Wiltz: Make our walleyes great again?
I can't speak for Lakes Oahe, Sharpe, and Lewis & Clark because I don't fish them enough, but I can say that walleye numbers are down on our own Lake Francis Case. Do we accept the situation and settle for the current status quo, or do we do something about improving the situation? If something is done, I want to see it come from South Dakota Game, Fish, and Parks with input from us, and not the floor of our capitol in Pierre.
A good friend in Burke is an avid, longtime angler. His opinions are respected, and he has spent enough years on Francis Case to speak with authority. In visiting with him a few weeks ago, I could sense some anger when we talked about our walleyes. Speaking of late winter-spring in particular, he felt that there was too much pressure on the walleyes in the Chamberlain area. He didn't specifically say it, but I would guess that he was thinking Chamberlain north to Fort Thompson. He also indicated that politics are shaping the issue.
Again, for lack of experience in the capitol, as well as GF&P commission meetings, I can neither confirm nor reject his sentiments on politics. I can, however, say with certainty that if the majority of our local anglers had their way, the walleye season on Francis Case would be closed until the spring spawn was completed.
I'll translate this sentiment in the following manner: If the anglers who live here and pay the taxes are generous to the point of foregoing their spring walleye fishing, why should we allow non-residents to pound our waters? I smell money.
Based on past letter writing to GF&P, our fisheries biologists say, "What difference does it make whether a female is taken from the lake in the early spring or in the early summer?" I have an answer. In the early spring she's full of eggs. In the summer she isn't.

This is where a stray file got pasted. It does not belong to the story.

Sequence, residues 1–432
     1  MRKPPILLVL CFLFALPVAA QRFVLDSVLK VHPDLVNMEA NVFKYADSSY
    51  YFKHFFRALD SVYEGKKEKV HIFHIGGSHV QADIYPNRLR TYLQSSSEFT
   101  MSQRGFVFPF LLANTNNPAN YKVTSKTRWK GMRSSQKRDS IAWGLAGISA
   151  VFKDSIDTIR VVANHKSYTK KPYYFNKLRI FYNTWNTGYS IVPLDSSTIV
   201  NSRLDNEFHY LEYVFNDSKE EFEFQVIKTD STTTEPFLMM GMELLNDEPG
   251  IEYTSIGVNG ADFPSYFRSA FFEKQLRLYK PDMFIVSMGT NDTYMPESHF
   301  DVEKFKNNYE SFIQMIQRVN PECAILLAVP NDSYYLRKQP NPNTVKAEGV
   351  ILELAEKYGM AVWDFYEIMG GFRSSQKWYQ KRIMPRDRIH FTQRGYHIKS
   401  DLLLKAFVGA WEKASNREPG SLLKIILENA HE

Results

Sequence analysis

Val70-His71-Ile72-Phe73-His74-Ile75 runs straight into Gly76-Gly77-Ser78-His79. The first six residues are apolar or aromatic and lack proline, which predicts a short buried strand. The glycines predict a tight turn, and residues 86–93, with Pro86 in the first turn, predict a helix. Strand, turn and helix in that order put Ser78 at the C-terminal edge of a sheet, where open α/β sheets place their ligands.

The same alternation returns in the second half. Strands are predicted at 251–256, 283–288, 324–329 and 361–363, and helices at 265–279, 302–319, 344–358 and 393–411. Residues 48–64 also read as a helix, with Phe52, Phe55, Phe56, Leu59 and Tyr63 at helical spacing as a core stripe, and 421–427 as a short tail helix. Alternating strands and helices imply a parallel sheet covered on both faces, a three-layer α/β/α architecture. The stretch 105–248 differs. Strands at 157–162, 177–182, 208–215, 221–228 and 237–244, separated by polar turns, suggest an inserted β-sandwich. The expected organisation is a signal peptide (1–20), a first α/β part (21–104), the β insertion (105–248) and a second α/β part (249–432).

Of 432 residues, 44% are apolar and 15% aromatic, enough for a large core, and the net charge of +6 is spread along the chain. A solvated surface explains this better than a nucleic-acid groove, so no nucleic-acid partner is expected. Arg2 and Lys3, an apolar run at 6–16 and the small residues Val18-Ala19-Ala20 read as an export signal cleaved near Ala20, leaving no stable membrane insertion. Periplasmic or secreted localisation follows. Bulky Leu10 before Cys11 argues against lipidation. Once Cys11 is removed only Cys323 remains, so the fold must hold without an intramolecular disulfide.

I'll catch some heck for saying the above as well as mentioning the presence of politics and money, but answer me this: Are Minnesota biologists stupid? Minnesota's Lake Mille Lacs is the queen mother of Minnesota fisheries. Just like last year, this year's Mille Lacs walleye fishing will be catch and release only, and this catch and release only season will run from May 13 to Sept. 4.
I can only imagine the financial impact of shutting down the Mille Lacs walleyes as the huge lake is surrounded by fishing resorts. The only business these resorts will garner will be bass, northern pike, and panfish anglers. Our Francis Case is crawling with smallmouth bass and catfish. No one would need to put their rods away.
I don't feel that we need to completely shut down our Francis Case walleyes, but I am for shutting it down until after the spawn. When would we close the season? Feb. 1? March 1? I don't know enough about this, but I would go to two fish instead of four for the daily possession limit.
Other than shutting down during the spawn, size limits including slot limits might offer a rebuilding solution. Currently on Francis Case, it's a four-fish daily limit with none under 15 inches and only one over 20 inches. What do other places do? I do some Wisconsin fishing as two of our daughters and their families live in the heavily populated Madison area. Fishing on Lake Mendota, which is smack in the middle of Madison, is excellent. The minimum length for keeper walleyes is 18 inches with a three-fish limit. It works for Wisconsin. They, too, are closed down until after the spawn.
I'm interested in what others have to say, and I'll listen with an open mind.
Some months ago I read the book Endeavor, the story of Capt. James Cook's voyage around Cape Horn, on to Tahiti, and eventually the discovery of Australia. I devoted a column to the subject. I was particularly interested in the Tahitians. They had little interest in agriculture as fish and tropical fruits made up their diet. Breadfruit was often mentioned, and I became curious about it.
While in Hawaii last month, we toured the Dole Pineapple Plantation on Oahu. We saw some breadfruit trees, but they bore no fruit at the time. While visiting the Polynesian Culture Center, I asked about breadfruit and was directed to a restaurant that served it. Here they gave me a cupful and a spoon. They served it warm and mashed. It looked like, and tasted exactly like mashed potatoes. It was used as a potato substitute and covered with gravy alongside roast pork or beef. I wonder if Capt. Cook's Tahitians ate it raw or cooked.
We know there are some major deer season proposals in the works, and I'll try to discuss these next week. No matter what is done, application deadlines are already set. It's May 19th for elk, July 14th for West River Deer, and September 1st for East River Deer.
See you next week.